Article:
Presentation on theme: "LETTING GO: HELPING CREATE A SUCCESSFUL TRANSITION TO ADULTHOOD Laurie Stephens, Ph.D. Director of Clinical Services Education Spectrum."— Presentation transcript:
LETTING GO: HELPING CREATE A SUCCESSFUL TRANSITION TO ADULTHOOD Laurie Stephens, Ph.D. Director of Clinical Services Education Spectrum
LETTING GO No single right way Never too early; never too late My approach is two-fold – Think of what you had to do to become independent – Think of all the current skills your child will need to be as independent as possible Ask yourself: – What would make my child happy? – What skills does he need/strengths does she have? – What are the obstacles in the way?
ROAD TO INDEPENDENCE Living outside the home Navigating in the community – Driving, transportation, banking, doctors, events, shopping, Attending higher education programs (college, trade school) Sustaining employment ADL’s; what needs to be done, when, how; taking care of personal needs Finding a social circle; relationships Knowing the difference between seeking help and having someone handle the issue for them
ROAD TO INDEPENDENCE Make “safety net” smaller; move further away Natural consequences: “failure” is part of life It’s OK to let the “chips fall where they may” without making excuses for our children or taking over (e.g. being late, not finishing work) Teens/young adults need to develop autonomy; we need to foster it
ROAD TO INDEPENDENCE You may need to adjust your “dream” to match child’s reality or child must adjust his/her dream But, you & child may also need to increase your expectations for independence Balance safety with independence Family culture, values, etc. What’s right for your family is a personal choice
STARTING EARLY Be sure IEP supports have fade plan (e.g. 1:1) If you are the one organizing, planning and doing for child- plan how to fade yourself out Do you correct your child’s homework? May not help teacher understand child’s struggles All children should know their goals once they are capable of understanding them Teach the real meaning of fair: – Everyone gets what they need!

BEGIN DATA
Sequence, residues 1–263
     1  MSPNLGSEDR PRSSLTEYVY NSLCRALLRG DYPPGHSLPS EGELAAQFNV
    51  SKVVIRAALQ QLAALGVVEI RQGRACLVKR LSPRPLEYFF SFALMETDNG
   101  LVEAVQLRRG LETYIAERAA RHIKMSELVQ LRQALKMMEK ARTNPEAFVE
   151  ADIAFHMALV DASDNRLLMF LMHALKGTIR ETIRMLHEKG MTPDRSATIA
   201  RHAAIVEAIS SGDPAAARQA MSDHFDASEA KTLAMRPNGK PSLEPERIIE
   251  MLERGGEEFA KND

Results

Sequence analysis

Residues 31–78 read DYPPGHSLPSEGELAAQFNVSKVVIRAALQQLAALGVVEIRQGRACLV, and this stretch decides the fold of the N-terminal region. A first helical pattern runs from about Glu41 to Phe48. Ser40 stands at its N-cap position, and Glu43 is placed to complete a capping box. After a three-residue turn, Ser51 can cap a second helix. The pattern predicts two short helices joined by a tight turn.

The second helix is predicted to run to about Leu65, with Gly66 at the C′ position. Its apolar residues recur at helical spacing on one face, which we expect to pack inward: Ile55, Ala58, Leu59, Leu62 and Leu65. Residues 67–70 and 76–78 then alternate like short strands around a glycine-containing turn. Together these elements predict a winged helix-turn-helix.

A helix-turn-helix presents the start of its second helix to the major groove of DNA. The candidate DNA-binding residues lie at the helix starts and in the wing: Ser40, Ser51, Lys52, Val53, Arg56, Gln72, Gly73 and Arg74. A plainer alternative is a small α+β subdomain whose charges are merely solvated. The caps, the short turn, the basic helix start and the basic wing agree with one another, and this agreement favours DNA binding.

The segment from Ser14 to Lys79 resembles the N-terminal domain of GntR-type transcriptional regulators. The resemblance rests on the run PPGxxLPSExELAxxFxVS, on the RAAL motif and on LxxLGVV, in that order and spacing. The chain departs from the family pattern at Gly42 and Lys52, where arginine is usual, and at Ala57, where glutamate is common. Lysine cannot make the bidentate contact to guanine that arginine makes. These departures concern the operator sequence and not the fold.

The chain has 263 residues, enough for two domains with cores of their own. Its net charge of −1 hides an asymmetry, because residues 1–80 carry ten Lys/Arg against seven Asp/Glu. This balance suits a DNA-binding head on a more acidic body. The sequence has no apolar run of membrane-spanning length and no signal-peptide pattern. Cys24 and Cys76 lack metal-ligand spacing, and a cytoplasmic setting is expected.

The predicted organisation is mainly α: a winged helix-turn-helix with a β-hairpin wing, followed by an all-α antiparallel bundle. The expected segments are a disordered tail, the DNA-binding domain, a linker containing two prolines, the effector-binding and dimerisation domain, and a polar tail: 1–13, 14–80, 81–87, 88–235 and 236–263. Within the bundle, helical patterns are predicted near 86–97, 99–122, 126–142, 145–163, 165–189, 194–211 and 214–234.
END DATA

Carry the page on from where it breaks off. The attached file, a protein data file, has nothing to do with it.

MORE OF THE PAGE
FURTHER SUPPORTS Remember motivation to be independent may be lacking- find out how they envision the future Getting ready and organized are great places to start- How much do you support your child in getting out the door for school, activities, etc.? Must know when they need help ― Motivation may be there, but understanding the steps may not ― Some view “help” as a sign of weakness/lack of intelligence
KEYS TO LETTING GO When kids know themselves and their strengths/weaknesses, it’s easier for them to know what they need to work on Can your child state their accommodations/ modifications? Can they state what they need to become more independent? Can they state their fears/anxiety for the future?
KEYS TO LETTING GO Praising effort over accuracy Early discussion of what is needed for college/job- you CAN’T do it for them! Few good “models” on TV/movies Many adolescents have no idea how different college is from HS In some ways it’s better, but it’s not if independence is lacking
PRIOR TO COLLEGE Testing (school district or independent) College Prep programs Reasonable accommodations Real life practice in meeting with DSS Discussion of differences between HS and higher education Dorm? Prep for roommate, communal living
HS/COLLEGE DIFFERENCES Professor may never know your name or anything about you Less time spent in class, more time spent learning on own (“study” vs taught) A lot more “leisure” time, which can’t be spent on video games Attendance may not be taken, but you also may not be able to get make up missed work/get lecture notes A ‘C’ literally means average
HS/COLLEGE DIFFERENCES Student needs to seek out help when grades are poor Less “homework” so feedback on how well you are learning is less frequent A lot of flexibility in scheduling Professors won’t talk with parents If not conserved, personnel CAN’T talk to parents Student can make any decision without parental input
OTHER NEEDS Success is not dependent on academic skills or cognition Social skills are more impactful for a children maximizing their independent potential Social groups for teens need to be geared toward those areas that are not “taught” in other environments Our Bridges Program
Long- Term Success Basic Social Interaction Skills Theory of Mind/ Social Thinking Friendship Skills Executive Functioning/ Advocacy Skills Electronic Communication/ Interaction (Leisure Skills) Dating/Relationships Skills Job/College Preparation
CONCLUSION Need to look at independence early on Supports may vanish, but our children can thrive with preparation You are not alone- those parents and particularly young adults who have gone before you are the best resource! Educate yourself, and then educate your child! Letting go is never easy but can all loosen our grip a bit!